i've really been lazy and sluggish when it comes to adding blog links to my template. blame it on the holidays. blame it on this revision i hope to get done before christmas. blame it on the cold, dark days of winter that make me drop into hibernation mode -- which means moving and thinking much more slowly. but anyhow, i have not been getting new links up the way i should. so if you'd like me to link to your blog, please drop me an email -- or reply here -- and i will link away!

Thursday, December 01, 2005

15 Book Things Meme

kelly at words of a writer tagged me for a book thingy.

this was fun, but i couldn't come up with 15!

Hardcovers: I'm not crazy about hardcovers. They are too big and heavy. The latest Elizabeth George book is like a Bible. It really is uncomfortable to read. You almost need a bookstand for it. it's true.

Trade paperbacks: I like trade paperbacks. I like the way they feel and look. They bend and are easy to read. Big print with a nice space between the lines. I even think they look nice when the edges get ratty. Like old jeans.

Library books: Not crazy about library books if they seem particularly and recently read by too many people. Kinda grosses me out. If they've decontaminated a long time, then they're okay. A nurse once told me germs can live months trapped in a library book. Is that true? That seems like one of those stories nurses sometimes tell. Ahem. Like the guy on the motorcycle who gets in a wreck and ends up in the emergency room with a cucumber taped to his inner thigh.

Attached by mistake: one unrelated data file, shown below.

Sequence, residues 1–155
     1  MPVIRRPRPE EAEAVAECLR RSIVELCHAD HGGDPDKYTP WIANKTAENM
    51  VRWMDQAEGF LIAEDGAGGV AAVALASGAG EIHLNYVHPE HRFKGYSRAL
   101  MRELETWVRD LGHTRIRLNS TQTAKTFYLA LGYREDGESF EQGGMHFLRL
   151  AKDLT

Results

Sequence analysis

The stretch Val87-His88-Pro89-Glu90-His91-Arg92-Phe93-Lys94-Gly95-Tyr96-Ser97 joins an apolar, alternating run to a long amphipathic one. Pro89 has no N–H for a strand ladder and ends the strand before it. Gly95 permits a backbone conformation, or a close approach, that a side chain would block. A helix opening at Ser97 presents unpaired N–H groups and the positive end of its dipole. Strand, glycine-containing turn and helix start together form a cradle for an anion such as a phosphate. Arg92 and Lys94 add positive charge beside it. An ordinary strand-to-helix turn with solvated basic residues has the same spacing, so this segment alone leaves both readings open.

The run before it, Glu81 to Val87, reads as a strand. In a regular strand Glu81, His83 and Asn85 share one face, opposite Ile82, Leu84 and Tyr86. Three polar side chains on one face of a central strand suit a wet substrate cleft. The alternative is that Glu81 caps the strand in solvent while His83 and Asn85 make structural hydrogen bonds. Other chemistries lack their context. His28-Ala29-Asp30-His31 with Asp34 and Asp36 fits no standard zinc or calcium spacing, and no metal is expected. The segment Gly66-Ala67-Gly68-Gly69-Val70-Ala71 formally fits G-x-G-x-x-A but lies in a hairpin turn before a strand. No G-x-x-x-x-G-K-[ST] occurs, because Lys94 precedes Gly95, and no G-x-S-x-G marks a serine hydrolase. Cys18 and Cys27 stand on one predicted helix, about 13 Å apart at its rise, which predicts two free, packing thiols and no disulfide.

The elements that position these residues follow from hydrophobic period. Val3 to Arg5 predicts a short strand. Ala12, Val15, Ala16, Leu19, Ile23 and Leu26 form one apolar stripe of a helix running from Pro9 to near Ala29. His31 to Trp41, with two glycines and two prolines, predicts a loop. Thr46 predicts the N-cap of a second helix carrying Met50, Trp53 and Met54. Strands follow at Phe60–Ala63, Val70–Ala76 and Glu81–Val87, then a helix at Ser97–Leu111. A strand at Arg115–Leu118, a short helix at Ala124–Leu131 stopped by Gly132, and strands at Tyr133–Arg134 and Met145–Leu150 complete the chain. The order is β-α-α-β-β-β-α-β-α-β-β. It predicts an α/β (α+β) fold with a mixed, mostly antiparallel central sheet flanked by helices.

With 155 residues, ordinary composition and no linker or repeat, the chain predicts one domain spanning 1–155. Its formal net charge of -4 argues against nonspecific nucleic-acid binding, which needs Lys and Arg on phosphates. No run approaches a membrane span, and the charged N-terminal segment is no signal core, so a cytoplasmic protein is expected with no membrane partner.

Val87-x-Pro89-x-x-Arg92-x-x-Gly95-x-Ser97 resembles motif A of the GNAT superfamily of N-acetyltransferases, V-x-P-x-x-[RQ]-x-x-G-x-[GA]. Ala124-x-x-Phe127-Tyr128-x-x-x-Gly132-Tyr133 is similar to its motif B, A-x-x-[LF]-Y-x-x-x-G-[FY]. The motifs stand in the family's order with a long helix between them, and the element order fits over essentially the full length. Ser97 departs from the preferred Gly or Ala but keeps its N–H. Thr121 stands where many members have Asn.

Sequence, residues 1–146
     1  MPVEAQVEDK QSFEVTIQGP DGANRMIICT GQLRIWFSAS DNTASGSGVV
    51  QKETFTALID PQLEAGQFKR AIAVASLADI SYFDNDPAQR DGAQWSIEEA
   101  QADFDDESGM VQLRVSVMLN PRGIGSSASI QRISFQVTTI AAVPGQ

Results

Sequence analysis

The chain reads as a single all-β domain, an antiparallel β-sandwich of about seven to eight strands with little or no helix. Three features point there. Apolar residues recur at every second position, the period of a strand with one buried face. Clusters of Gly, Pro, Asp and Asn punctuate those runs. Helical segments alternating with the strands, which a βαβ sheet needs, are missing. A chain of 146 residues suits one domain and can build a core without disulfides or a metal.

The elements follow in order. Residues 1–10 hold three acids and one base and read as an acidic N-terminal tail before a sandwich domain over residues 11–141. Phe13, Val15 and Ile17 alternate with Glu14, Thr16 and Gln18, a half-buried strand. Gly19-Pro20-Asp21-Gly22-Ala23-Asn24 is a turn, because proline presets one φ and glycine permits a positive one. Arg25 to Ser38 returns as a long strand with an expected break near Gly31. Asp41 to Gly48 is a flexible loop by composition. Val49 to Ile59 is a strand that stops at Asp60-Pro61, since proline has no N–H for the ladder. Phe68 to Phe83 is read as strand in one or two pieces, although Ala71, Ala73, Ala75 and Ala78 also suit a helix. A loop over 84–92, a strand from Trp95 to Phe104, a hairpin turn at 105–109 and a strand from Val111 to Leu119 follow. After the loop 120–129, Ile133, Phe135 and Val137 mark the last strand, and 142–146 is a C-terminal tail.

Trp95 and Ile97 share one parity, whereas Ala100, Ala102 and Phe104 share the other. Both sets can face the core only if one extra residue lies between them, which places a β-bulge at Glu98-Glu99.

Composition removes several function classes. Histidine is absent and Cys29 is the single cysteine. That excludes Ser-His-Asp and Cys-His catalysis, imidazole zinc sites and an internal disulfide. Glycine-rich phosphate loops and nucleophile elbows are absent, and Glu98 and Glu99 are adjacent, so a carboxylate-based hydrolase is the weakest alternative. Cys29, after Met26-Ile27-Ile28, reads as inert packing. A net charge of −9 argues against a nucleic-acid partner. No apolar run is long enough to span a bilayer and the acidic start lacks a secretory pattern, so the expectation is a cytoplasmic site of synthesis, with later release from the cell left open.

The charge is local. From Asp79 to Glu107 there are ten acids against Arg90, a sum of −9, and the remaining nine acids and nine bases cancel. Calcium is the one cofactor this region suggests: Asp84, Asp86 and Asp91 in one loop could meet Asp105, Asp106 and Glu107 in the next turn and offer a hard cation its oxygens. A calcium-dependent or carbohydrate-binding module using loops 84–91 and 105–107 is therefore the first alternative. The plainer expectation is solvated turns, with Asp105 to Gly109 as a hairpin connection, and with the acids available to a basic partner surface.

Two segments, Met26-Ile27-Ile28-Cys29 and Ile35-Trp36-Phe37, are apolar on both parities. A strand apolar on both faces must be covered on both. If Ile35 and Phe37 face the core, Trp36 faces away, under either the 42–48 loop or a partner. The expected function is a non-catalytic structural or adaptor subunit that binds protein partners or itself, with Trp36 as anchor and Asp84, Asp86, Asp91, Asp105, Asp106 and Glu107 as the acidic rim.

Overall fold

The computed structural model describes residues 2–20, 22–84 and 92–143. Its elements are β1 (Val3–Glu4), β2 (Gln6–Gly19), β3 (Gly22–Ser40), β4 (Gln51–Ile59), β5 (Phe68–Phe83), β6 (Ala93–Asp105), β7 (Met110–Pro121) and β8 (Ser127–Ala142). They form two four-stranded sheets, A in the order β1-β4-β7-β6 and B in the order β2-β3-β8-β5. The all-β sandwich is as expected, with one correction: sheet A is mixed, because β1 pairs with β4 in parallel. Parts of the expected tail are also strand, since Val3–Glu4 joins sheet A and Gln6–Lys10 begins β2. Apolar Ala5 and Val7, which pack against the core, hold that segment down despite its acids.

Old books: But I like old books with yellow pages and leather binding.

Books are heavy.

Books are hard to move.

I have an attic full of books that I will unpack if I ever find a permanent place to live.

Since I think I'm going to move, I don't want to put up book shelves. So I have piles of books that are now on the floor and on dressers, in closets and on the floor. And on the floor. Did I say on the floor? :D

I've been thinking a lot about creating a room that has rows of shelves down the middle, like a library.

I have a lot of books I wish I hadn't gotten rid of: and I have a lot I'd like to get rid of. But I'm afraid they will then turn into the ones I regret getting rid of.

anybody else want in on this?